Phase3D’s real-time anomaly detection increases quality and reliability for US Air Force and NASA

June 26, 2024

June 26, 2024

Phase3D’s Fringe Research correlates measurable metal powder bed fusion build anomalies to final part defects in real-time (Courtesy Phase3D)
Phase3D’s Fringe Research correlates measurable metal powder bed fusion build anomalies to final part defects in real-time (Courtesy Phase3D)

Phase3D, based in Chicago, Illinois, USA, is reported to be the first company to correlate measurable metal powder bed fusion build anomalies to final part defects in real-time. The work was done for the United States Air Force and NASA, two leading AM producers for the aerospace industry, and validated with two materials on two different Laser Beam Powder Bed Fusion (PBF-LB) Additive Manufacturing machines.

Phase3D worked closely with the US Air Force and NASA to develop Fringe Research, an in-situ monitoring product which measures, in microns, every layer of a powder-based AM build. The system automatically identifies anomalies from the build process that lead to porosity, a major cause of part rejection of the US Air Force and NASA. Fringe Research can be used on most powder-based AM systems and employs structured light, a well-known and understood metrology technology, to create the measurements used for this correlation.

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Fringe Research does not use artificial intelligence (AI) or machine learning (ML) to create measurements or identify anomalies.

Phase3D used Ti64 for the US Air Force and GRCop-42 for NASA to determine the effect of detectable build variation on part quality. The builds included an anomaly generator, which created realistic, geometry-based powder and melted anomalies, including hops and streaks patterns seen in most AM builds.

While measuring the build, Fringe Research automatically identified hops and streaks that were later correlated to porosity in the final part. Parts were inspected using CT scanning and correlation was done in Fringe Research and a commercial CT inspection software.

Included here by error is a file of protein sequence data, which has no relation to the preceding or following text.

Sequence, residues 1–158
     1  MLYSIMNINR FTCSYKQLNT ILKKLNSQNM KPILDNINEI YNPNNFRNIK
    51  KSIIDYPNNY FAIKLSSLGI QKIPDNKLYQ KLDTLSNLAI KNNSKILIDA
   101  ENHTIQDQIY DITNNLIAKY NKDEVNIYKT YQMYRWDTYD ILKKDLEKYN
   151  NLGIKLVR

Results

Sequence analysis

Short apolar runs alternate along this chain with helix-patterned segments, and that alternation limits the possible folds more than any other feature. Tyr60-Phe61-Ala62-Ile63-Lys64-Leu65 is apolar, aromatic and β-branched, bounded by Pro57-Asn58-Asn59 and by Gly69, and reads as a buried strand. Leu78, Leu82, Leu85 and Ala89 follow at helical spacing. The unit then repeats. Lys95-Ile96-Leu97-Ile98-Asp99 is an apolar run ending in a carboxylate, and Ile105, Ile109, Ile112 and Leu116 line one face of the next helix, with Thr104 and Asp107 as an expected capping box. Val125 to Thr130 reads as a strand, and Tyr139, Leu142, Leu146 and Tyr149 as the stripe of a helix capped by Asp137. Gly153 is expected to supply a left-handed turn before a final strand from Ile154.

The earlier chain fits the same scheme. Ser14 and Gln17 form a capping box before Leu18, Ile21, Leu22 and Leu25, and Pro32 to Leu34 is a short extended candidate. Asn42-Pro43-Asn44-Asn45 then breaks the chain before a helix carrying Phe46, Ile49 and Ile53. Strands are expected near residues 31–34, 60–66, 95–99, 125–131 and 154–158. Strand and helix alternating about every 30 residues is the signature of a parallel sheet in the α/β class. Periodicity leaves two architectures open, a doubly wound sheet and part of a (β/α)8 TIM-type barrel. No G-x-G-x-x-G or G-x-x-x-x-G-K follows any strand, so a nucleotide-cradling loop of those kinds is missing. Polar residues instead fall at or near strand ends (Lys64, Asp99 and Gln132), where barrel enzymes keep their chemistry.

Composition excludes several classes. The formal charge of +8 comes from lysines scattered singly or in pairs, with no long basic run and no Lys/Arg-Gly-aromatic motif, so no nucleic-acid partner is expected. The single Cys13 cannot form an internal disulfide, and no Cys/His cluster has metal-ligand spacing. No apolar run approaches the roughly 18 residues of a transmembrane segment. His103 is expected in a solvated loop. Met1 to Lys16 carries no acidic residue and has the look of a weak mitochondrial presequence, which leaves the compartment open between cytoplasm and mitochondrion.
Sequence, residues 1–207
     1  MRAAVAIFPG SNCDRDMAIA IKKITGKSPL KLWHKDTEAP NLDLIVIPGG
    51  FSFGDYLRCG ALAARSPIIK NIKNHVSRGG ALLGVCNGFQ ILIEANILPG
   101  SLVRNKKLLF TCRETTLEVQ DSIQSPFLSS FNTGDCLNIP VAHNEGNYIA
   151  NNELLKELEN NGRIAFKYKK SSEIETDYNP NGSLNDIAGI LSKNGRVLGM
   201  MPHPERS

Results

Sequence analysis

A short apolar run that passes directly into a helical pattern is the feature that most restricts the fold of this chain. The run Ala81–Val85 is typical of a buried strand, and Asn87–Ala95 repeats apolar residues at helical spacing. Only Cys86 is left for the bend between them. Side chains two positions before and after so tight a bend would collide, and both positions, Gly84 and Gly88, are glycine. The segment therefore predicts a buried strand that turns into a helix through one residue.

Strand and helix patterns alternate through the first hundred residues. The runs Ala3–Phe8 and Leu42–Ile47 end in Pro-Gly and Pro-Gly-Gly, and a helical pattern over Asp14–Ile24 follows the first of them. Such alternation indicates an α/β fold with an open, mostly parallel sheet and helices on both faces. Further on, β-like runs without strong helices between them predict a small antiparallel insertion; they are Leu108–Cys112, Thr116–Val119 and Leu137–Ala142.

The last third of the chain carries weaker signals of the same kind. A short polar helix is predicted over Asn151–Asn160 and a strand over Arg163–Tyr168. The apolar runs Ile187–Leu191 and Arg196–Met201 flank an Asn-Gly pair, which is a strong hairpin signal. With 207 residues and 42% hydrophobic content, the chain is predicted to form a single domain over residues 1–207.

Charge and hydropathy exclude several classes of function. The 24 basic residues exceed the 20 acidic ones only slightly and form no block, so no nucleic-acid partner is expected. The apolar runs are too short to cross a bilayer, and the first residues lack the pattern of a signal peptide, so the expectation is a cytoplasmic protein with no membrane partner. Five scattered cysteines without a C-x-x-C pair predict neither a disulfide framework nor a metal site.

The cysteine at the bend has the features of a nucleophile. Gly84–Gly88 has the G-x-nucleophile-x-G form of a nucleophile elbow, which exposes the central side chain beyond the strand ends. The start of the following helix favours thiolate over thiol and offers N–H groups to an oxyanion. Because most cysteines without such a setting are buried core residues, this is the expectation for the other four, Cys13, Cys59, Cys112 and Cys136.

For Ti64 manufactured on an EOS M290 for the U.S. Air Force:

  • 81% of Fringe Research identified anomalies correlated to part defects detected by CT
  • 100% of Fringe Research identified anomalies ≥47um depressions correlated to defects detected by CT

For GRCop-64 on a Colibrium Additive (previously GE Additive) M2 for NASA:

  • 83% of test specimen identified defects were correlated to layers with Fringe Research identified anomalies
  • 100% of Fringe Research identified anomalies ≥42um depressions correlated to defects detected by CT

“Providing our customers a high correlation of measurable build anomalies to part defects is changing what is possible for AM,” shared Niall O’Dowd, Founder and CEO of Phase3D. “Our customers continue to request objective data that can identify part defects when they occur. With the data Fringe Research collects, we predict our aerospace customers will be able to increase machine throughput by more than 10% every year by stopping parts that will fail inspection early.”

Historically, Phase3D customers relied on visual images from the machine to either identify anomalies using AI/ML or an engineer to watch a video of the visual images or scroll through them. Fringe Research measures the entire build surface three times during every layer. The heightmaps and Fringe Research allow users the opportunity to identify how build anomalies impact part quality, including CT-identified defects, fatigue life, tensile strength, and more.

Phase3D will be showcasing the correlation data for the US Air Force and NASA during RAPID + TCT 2024 in Los Angeles, California from June 25-27, 2024.

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June 26, 2024

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